An e-commerce platform based in Uganda may bring the country out of poverty and outdated technology.
While online shopping is already common for most Chinese, e-commerce is rapidly changing the way people shop in Uganda.
Dozens of shopping websites pop up with a Google search for “online shop Uganda”. They offer electronics, fashion items, home appliances, and even real estates plus specialty stores for fresh products or food delivery.
According to a KPMG report in 2015, the e-commerce industry accounted for between one and three per cent of the gross domestic product of seven Sub-Saharan countries, including Uganda. KPMG expected this to grow to 10 per cent of total retail sales in key markets by 2025.
Last May, another company, Kilimall Uganda adopted the business to customer (B2C) model. Within six months, its market share in the local market has consolidated.
On Black Friday 2016, the online portal received more than 1000 orders and 2000 items were sold out in less than 24 hours, according to PC Tech Magazine.
A common operating model of Ugandan online shops is to cooperate with foreign and domestic brands to display their merchandise on their websites. The companies then deliver the goods to shoppers directly after receiving orders.
“Kilimall has already cooperated with over a hundred brands, including Samsung, Huawei and Nike,” said Wang Cheng-yang, managing director of Kilimall Uganda.
Most of their customers are white collars workers who are among the first batch of Ugandans to enjoy e-shopping. Their online shopping traffic generally peak at 11a.m. and 4 p.m., when most commuters are taking a short break from work.
Jumia Uganda is another leading Ugandan online platform launched in 2014. Lisa Kaitare, Head of Sellers said Jumia’s best sellers are woman fashion items.
In Kampala, the capital of Uganda, people aged between 25 to 33 years prefer purchasing online to going to physical shops, according to a report published on East African Business Week last year.
Other than Paypal and Alipay, e-commerce in Africa is also supported by the continent’s own payment system, Mobile Money. As the name implies, it allows users to transfer money from person to person and pay for services with mobile phones.
All users have to type a distinctive code into the system and then follow the instructions. Shoppers do not need to use their banking account information or credit cards. The service is widely used in Africa from top-up phones to online purchasing.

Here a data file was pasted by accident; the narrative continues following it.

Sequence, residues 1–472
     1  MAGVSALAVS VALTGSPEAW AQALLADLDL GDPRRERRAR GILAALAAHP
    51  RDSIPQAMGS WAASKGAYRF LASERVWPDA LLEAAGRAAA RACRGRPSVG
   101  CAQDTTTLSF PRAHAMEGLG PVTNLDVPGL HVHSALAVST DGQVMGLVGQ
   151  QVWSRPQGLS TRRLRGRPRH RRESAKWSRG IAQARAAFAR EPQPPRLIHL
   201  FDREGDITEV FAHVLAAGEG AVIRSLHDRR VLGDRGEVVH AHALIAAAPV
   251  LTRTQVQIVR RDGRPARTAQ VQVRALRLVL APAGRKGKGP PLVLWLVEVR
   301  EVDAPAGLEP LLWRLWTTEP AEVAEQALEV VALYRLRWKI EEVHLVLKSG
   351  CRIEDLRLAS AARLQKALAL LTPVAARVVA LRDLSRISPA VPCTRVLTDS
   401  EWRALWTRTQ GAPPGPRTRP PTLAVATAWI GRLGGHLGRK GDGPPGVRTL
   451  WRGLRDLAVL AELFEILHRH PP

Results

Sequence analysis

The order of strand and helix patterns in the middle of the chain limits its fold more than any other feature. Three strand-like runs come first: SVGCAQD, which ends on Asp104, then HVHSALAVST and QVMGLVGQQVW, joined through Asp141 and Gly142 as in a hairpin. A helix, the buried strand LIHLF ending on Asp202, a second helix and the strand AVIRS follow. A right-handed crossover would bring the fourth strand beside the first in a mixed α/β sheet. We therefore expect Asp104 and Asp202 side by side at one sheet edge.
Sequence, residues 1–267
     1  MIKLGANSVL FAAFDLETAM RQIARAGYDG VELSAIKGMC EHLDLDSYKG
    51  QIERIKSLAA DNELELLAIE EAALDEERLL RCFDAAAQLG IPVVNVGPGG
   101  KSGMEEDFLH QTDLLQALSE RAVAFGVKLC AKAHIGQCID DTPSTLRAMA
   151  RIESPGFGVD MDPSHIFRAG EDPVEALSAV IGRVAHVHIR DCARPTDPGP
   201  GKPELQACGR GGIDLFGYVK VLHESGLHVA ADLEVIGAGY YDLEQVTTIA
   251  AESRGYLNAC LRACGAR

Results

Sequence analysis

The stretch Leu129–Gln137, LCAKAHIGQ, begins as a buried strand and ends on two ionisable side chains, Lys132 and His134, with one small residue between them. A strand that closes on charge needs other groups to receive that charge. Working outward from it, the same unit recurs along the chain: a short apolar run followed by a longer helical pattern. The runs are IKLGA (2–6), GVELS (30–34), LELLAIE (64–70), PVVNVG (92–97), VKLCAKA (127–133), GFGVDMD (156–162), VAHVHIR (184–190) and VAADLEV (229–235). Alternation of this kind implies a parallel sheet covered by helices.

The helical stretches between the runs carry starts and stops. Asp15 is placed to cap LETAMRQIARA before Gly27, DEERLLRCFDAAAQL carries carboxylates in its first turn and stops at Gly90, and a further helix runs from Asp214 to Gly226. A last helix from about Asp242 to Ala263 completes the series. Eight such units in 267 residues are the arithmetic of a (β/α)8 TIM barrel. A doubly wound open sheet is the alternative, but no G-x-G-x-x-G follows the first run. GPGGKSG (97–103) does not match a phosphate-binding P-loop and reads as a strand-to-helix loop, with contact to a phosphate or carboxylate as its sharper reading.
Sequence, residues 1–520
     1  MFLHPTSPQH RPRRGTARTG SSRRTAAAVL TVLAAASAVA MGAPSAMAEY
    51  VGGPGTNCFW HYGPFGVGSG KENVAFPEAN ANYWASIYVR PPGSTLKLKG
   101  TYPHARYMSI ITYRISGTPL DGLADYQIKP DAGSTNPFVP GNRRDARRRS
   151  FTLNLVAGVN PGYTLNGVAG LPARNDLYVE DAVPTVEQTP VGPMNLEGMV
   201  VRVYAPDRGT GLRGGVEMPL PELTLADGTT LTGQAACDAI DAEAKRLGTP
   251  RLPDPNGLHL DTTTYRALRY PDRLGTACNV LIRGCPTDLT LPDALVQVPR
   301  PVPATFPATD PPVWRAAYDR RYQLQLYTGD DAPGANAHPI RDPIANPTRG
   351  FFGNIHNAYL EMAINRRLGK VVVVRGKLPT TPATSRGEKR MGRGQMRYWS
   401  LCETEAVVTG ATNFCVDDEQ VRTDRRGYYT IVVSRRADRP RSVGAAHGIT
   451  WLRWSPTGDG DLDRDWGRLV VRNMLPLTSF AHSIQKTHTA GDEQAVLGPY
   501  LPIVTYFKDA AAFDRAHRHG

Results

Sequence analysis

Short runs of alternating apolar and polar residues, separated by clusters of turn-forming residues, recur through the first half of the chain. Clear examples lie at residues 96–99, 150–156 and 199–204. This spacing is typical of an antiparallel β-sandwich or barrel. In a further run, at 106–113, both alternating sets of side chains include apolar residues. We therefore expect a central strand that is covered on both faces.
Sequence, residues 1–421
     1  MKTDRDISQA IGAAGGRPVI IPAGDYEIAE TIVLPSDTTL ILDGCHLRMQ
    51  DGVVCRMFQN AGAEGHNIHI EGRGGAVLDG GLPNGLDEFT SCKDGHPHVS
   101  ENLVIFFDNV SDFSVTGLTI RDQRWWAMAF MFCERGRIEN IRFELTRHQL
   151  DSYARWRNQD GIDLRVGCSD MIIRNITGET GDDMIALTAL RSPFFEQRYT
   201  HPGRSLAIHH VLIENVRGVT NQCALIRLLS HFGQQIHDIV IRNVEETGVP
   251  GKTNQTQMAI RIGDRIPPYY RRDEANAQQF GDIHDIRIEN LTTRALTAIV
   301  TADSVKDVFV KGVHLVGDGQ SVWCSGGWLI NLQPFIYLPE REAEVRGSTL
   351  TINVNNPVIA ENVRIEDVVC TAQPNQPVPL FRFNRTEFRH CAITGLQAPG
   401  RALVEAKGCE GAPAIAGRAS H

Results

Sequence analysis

However, even in Kenya, an African country where e-commerce is already well developed, the mobile friendly service is only the second preferred payment option. It is used by over 17 million users, according to a report published in IT New Africa last December.
Wang thinks that MobileMoney has good credibility among his customers in Uganda since the security is well supported.
“Those payment services are provided by very large scale operators, as big as China Mobile or China Unicom,” he said, “so people trust them and therefore they trust us.”
Although internet penetration is only 16.2 per cent in Uganda according to Internet Society, Wang said the development of telecommunication in Africa is much broader than many people think. For instance, the fourth generation (4G) internet services in Kenya was launched earlier than the one in China.
Both Wang and Kaitare agree that the growth of the online industry is stagnated, largely because of the conservative attitude of businesses and a lack of understanding of e-commerce.
“Quite a few shoppers insisted on checking the inventory in person and would only allow cash payments,” Wang recalled. “ and some of them called the brands to ask for the merchandise immediately as soon as they placed the orders. So we are educating the market,” said Wang. Kilimall is working on a variety of marketing schemes to promote e-shopping and make it more acceptable to the public.
“Most of the suppliers have already built offline businesses,” Kaitare said, “ but many conservative sellers do not take the time to learn new technologies.”
Although it takes time for the e-commerce market to mature, Kaitare who was born and raised in Uganda, has faith in her country to learn.
“What we need to do now is to increase the number of shoppers and get them to refer us to their friends, families and co-workers to come and enjoy the platform and really embrace the market. So I think 2017 is more about educating the buyers and so on”, she concluded.
By Yolanda Gao & Dorothy Ma
Edited by Emily Xu